US4023185 *Mar 19, 1976May 10, 1977Rca CorporationAblative optical recording medium
US4069487 *Dec 22, 1975Jan 17, 1978Canon Kabushiki KaishaRecording member and process for recording
Referenced by
Citing PatentFiling datePublication dateApplicantTitle
US4334233 *Jul 1, 1980Jun 8, 1982Tokyo Shibaura Denki Kabushiki KaishaOptical recording element and its manufacturing method
US4501876 *Mar 1, 1984Feb 26, 1985E. I. Du Pont De Nemours And CompanyFilm-forming poly(conjugated polymethine-type)dye
US4581317 *Mar 1, 1984Apr 8, 1986E. I. Du Pont De Nemours And CompanyOptical recording element
US4681834 *Mar 10, 1986Jul 21, 1987Simmons Iii Howard ELight absorptive layer; laser beams
US4814256 *Jul 2, 1987Mar 21, 1989Basf AktiengesellschaftOptical recording material
US4876356 *Mar 12, 1987Oct 24, 1989Basf AktiengesellschaftNaphtholactam dyes and optical recording medium containing these days
US4939012 *Aug 21, 1989Jul 3, 1990Basf AktiengesellschaftSemiconductor laser sensitive
US6475588Aug 7, 2001Nov 5, 2002General Electric CompanyColored digital versatile disks
US6475589Dec 17, 2001Nov 5, 2002General Electric CompanyColored optical discs and methods for making the same
US6623827Sep 17, 2002Sep 23, 2003General Electric CompanyColored digital versatile disks
US6673410May 22, 2002Jan 6, 2004General Electric CompanyColored optical discs and methods for making the same
US6771578Mar 13, 2003Aug 3, 2004General Electric CompanyColored data storage media
US6916519Sep 17, 2002Jul 12, 2005General Electric CompanyPlastic substrates with bonding layer and data layer between; at least one substrates is a read side substrate with greater than or equal to about 0.05 wt % colorant, read side substrate has a UV Bonding Index of at least 0.5
US6944115Jan 19, 2001Sep 13, 2005General Electric CompanyOptical disks
EP0161809A1 *Apr 15, 1985Nov 21, 1985EASTMAN KODAK COMPANY (a New Jersey corporation)Overcoated recording elements having amorphous dye and binder optical recording layers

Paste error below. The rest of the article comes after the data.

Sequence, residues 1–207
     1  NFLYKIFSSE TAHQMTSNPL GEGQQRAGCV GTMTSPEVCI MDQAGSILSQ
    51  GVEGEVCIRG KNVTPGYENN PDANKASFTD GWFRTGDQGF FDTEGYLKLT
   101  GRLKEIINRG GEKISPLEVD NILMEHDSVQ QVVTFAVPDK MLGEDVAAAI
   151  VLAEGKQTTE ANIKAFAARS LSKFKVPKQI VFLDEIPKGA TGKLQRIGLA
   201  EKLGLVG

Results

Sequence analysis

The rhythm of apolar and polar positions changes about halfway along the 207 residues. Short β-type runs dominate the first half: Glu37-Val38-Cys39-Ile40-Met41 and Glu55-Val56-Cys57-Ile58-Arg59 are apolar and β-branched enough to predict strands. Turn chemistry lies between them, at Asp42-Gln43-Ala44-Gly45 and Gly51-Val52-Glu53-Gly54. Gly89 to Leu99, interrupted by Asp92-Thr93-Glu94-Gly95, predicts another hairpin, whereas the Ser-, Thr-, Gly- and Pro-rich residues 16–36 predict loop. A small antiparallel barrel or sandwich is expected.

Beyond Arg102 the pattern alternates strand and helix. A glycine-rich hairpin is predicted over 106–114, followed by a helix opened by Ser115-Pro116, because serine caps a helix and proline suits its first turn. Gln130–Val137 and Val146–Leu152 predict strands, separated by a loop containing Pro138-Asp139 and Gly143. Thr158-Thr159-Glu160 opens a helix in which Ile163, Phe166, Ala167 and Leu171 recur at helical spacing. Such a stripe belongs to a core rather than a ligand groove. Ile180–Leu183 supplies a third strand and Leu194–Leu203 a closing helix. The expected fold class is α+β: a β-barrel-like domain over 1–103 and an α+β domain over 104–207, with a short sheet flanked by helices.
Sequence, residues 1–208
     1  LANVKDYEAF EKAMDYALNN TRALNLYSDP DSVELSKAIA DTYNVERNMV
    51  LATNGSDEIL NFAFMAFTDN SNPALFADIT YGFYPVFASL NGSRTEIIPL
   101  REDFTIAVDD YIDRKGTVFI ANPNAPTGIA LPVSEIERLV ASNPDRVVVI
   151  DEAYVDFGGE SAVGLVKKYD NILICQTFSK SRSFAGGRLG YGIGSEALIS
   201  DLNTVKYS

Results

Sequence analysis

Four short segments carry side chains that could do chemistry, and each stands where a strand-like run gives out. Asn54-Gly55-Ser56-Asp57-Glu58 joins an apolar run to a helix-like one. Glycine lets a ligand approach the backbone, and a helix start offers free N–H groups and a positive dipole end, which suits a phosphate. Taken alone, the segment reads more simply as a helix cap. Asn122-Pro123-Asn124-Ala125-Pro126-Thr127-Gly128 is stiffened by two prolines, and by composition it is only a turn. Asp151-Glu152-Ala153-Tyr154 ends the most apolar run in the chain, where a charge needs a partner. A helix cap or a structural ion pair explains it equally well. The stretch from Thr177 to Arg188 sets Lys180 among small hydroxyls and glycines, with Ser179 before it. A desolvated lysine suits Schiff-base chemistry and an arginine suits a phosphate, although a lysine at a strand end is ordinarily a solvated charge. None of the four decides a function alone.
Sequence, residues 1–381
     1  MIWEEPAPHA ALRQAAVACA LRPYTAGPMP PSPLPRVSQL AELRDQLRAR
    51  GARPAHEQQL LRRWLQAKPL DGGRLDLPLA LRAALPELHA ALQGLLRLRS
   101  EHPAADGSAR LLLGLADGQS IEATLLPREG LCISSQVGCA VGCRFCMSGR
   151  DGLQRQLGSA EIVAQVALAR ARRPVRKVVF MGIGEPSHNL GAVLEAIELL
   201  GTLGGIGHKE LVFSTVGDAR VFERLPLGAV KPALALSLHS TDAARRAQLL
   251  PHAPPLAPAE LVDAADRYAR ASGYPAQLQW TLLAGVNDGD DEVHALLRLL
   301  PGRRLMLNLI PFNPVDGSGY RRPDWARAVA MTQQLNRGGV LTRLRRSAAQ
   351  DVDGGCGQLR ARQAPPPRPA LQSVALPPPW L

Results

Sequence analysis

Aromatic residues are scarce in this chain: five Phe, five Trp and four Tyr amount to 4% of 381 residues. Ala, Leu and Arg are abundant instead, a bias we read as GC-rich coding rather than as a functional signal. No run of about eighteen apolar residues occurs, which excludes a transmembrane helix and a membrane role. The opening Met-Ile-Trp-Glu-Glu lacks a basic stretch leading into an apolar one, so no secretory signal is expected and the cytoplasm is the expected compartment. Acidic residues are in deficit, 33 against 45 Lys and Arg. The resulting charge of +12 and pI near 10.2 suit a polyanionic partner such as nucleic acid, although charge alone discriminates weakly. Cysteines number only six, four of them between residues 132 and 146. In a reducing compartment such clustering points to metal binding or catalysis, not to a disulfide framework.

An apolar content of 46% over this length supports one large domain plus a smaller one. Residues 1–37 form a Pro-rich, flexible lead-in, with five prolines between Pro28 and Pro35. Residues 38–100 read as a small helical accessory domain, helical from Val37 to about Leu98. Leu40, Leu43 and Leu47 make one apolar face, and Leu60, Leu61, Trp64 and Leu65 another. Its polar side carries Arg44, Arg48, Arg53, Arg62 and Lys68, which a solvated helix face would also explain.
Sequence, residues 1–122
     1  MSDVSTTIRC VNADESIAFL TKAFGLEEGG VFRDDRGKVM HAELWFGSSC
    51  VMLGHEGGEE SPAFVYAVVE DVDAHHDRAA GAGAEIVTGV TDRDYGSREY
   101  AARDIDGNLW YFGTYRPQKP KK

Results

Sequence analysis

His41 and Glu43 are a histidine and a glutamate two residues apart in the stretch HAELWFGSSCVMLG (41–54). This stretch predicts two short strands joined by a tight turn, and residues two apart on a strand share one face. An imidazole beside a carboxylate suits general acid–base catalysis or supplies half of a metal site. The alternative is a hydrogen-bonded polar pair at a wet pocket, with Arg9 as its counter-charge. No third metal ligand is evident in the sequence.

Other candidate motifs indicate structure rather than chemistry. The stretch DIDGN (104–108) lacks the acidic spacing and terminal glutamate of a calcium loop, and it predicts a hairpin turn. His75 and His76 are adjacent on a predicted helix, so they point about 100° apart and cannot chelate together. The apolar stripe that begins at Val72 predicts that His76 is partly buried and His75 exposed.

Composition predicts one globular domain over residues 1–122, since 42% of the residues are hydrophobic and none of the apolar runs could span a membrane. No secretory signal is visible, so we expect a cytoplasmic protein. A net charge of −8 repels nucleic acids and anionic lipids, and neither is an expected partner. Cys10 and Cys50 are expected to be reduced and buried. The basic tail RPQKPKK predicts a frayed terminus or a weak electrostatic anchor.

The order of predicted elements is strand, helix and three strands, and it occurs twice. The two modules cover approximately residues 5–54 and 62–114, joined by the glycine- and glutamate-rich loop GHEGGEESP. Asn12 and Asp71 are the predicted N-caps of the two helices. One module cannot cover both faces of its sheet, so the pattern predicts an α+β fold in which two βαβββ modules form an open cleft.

EP0163397A1 *Apr 15, 1985Dec 4, 1985EASTMAN KODAK COMPANY (a New Jersey corporation)Erasable, reusable optical recording elements and methods for erasing such elements
EP0438882A2 *Dec 12, 1990Jul 31, 1991General Electric CompanyEnhanced fluorescence polymers and interconnect structures using them
Classifications
U.S. Classification346/135.1, G9B/7.145
International ClassificationG01D15/34, G11B7/244
Cooperative ClassificationG01D15/34, G11B7/2585, G11B7/254, G11B7/244, G11B7/246
European ClassificationG11B7/2585, G01D15/34, G11B7/244
Legal Events
DateCodeEventDescription
Aug 12, 1999ASAssignment
Owner name: L-3 COMMUNICATIONS CORPORATION, NEW YORK
Free format text: ASSIGNMENT OF ASSIGNORS INTEREST;ASSIGNOR:LOCKHEED MARTIN CORPORATION, A CORP. OF MD;REEL/FRAME:010180/0073
Effective date: 19970430
Jul 14, 1997ASAssignment
Owner name: LOCKHEED MARTIN CORPORATION, MARYLAND
Free format text: ASSIGNMENT OF ASSIGNORS INTEREST;ASSIGNOR:MARTIN MARIETTA CORPORATION;REEL/FRAME:008628/0518
Effective date: 19960128
Jul 13, 1994ASAssignment
Owner name: MARTIN MARIETTA CORPORATION, MARYLAND
Free format text: ASSIGNMENT OF ASSIGNORS INTEREST;ASSIGNOR:GENERAL ELECTRIC COMPANY;REEL/FRAME:007046/0736
Effective date: 19940322